The 'pro' of this remote however is that it's a 'standard' MCE RC6 remote so the buttons can be translated and mapped with lirc. I couldn't do this with my old remote as it emulates a keyboard device.
For a relatively popular remote, surprisingly little information can be found on the web on how to set it up properly with lirc and XBMC, just the usual array of forum posts and incomplete or non-working advice. So some reading was required of the lirc & XBMC's Lircmap.xml documentation.
So here's the solution, if you discount creating the map files (as I've supplied them here) it's actually very simple. I've tested this on Debian (Testing) & Fedora 18 so I assume this would work just as well on derivatives such as Ubuntu/Mint and CentOS/RHEL respectively.
So first, install lirc...Either use your preferred software installer GUI or save time by opening a terminal & using the command line;
On Debian & Ubuntu
sudo apt-get install lirc
sudo yum install lirc
Configure lircThe lirc daemon is configured with the file /etc/lirc/lircd.conf.
In the terminal, you can open this file for editing in gedit (or your preferred text editor);
Append the following text your lircd.conf.
sudo gedit /etc/lirc/lircd.conf
begin remote name rc118 bits 13 flags RC6|CONST_LENGTH eps 30 aeps 100 header 2700 855 one 486 419 zero 486 419 pre_data_bits 24 pre_data 0x1BFF83 gap 107341 min_repeat 1 toggle_bit_mask 0x8000 rc6_mask 0x100000000 begin codes Power 0x1BF3 Record 0x1BE8 Stop 0x1BE6 Pause 0x1BE7 Rewind 0x1BEA Forward 0x1BEB Previous 0x1BE4 Play 0x1BE9 Next 0x1BE5 Zoomout 0x1BD9 Zoomin 0x1BDA Eject 0x1BB7 Select 0x1BDB Menu 0x1BF2 Back 0x1BDC Info 0x1BF0 Up 0x1BE1 Down 0x1BE0 Left 0x1BDF Right 0x1BDE OK 0x1BDD Vol+ 0x1BEF Vol- 0x1BEE Chan+ 0x1BED Chan- 0x1BEC Mute 0x1BF1 PICTURES 0x1BB6 VIDEOS 0x1BB5 MUSIC 0x1BB8 1 0x1BFE 2 0x1BFD 3 0x1BFC 4 0x1BFB 5 0x1BFA 6 0x1BF9 7 0x1BF8 8 0x1BF7 9 0x1BF6 0 0x1BFF Star 0x1BE2 Hash 0x1BE3 Clear 0x1BF5 Keyboard 0x1BA5 Edit 0x1BF4 Red 0x1BA4 Green 0x1BA3 Yellow 0x1BA2 Blue 0x1BA1 end codes end remote
On Debian...The Debian package of lirc comes with a /etc/lirc/hardware.conf file, the Fedora install does not and just works without one. On Debian I had to also amend the hardware.conf file by amending the DRIVER & DEVICE variables to...
This is likely to be the same for most installations but if in doubt of what your device is, look in /dev;
ls -l /dev/lirc*
sudo service lirc restart
Configure XBMCXBMC already comes with a set of key maps for remote controls via lirc in the file /usr/share/xbmc/system/Lircmap.xml. You can also have a user specific Lircmap.xml in your ~/.xbmc/userdata directory.
Here we'll put our mappings for our 'rc118' lirc remote (this name being defined in our /etc/lirc/lircd.conf file) to our user Lircmap.xml file.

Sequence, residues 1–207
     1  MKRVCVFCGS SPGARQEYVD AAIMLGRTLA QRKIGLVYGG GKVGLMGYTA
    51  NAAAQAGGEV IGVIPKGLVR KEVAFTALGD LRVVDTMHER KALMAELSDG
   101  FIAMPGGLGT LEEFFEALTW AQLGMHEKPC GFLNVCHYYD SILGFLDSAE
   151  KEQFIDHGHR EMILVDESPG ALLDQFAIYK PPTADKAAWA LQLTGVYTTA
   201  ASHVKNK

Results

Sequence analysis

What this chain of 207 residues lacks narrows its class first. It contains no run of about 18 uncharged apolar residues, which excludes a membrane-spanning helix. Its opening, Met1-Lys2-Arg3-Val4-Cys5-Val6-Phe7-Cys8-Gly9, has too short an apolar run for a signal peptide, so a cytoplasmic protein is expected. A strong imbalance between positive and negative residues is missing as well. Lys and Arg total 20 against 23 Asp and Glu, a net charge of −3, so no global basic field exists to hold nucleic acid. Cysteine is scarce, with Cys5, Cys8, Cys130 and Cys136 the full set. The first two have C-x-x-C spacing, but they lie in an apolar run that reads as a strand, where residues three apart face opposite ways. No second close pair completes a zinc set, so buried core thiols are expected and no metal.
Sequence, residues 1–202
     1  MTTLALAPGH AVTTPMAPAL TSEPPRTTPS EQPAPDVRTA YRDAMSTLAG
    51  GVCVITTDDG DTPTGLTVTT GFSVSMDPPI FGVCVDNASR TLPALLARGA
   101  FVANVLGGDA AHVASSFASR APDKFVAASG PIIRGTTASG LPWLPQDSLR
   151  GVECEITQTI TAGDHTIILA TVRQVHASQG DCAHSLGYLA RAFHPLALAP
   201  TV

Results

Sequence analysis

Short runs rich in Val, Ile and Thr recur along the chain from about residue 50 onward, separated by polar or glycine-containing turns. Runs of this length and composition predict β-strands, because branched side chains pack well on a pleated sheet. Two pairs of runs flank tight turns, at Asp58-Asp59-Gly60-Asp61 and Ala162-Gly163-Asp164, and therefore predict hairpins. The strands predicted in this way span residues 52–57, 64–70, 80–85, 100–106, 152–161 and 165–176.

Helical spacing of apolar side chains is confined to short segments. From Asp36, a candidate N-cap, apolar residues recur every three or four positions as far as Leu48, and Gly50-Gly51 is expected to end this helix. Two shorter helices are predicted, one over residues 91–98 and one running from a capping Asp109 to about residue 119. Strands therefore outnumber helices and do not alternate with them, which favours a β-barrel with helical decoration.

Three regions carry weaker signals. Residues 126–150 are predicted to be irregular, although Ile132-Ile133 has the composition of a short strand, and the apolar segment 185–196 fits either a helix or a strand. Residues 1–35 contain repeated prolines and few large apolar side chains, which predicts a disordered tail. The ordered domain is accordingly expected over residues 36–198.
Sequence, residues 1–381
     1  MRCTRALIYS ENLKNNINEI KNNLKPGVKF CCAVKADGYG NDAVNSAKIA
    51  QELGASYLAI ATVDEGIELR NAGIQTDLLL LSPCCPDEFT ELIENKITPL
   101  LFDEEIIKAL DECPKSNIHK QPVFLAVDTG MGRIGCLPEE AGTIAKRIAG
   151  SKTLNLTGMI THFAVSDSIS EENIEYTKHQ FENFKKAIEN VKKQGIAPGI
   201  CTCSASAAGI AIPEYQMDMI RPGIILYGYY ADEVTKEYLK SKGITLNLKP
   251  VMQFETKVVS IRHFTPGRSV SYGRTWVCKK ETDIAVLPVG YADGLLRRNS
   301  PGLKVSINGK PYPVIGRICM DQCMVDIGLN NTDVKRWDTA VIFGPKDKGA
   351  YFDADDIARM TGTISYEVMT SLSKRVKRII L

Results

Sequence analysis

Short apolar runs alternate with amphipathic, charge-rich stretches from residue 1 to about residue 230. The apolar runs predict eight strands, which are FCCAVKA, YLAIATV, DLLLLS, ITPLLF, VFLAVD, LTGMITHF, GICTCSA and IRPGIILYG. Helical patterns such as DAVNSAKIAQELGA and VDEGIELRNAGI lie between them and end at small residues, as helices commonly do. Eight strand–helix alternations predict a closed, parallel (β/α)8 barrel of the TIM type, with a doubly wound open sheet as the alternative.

In a terminal, open a new file in gedit (or your preferred text editor);
Paste the following text into your new file;
Save your new file.
<lircmap> <remote device="rc118"> <mypictures>PICTURES</mypictures> <liveradio>RADIO</liveradio> <myvideo>VIDEOS</myvideo> <mymusic>MUSIC</mymusic> <record>Record</record> <pause>Pause</pause> <stop>Stop</stop> <skipminus>Previous</skipminus> <play>Play</play> <skipplus>Next</skipplus> <reverse>Rewind</reverse> <forward>Forward</forward> <start>Menu</start> <back>Back</back> <info>Info</info> <volumeplus>Vol+</volumeplus> <volumeminus>Vol-</volumeminus> <left>Left</left> <right>Right</right> <up>Up</up> <down>Down</down> <select>OK</select> <channelplus>Chan+</channelplus> <channelminus>Chan-</channelminus> <mute>Mute</mute> <recordedtv>Eject</recordedtv> <guide>Zoomout</guide> <livetv>Zoomin</livetv> <menu>Select</menu> <one>1</one> <two>2</two> <three>3</three> <four>4</four> <five>5</five> <six>6</six> <seven>7</seven> <eight>8</eight> <nine>9</nine> <star>Star</star> <zero>0</zero> <hash>Hash</hash> <clear>Clear</clear> <teletext>Keyboard</teletext> <enter>Edit</enter> <red>Red</red> <green>Green</green> <yellow>Yellow</yellow> <blue>Blue</blue> </remote> </lircmap>
Disable the remote's kernel driverNow the RC118 remote is handled by lirc you have no need for the Linux kernel to handle it. To prevent XBMC from receiving input from both lirc and xinput (resulting in double key presses for those buttons that did work out of the box) you need to disable the relevant kernel module.
Unload the RC6 decoder driver with the following command;
To disable this driver so it's not loaded when the system is booted, blacklist it as follows;
sudo modprobe -r ir_rc6_decoder
echo "blacklist ir_rc6_decoder" | sudo tee -a /etc/modprobe.d/ir_rc6_decoder.conf
Now start or restart XBMC and your AIM RC118 remote works completely.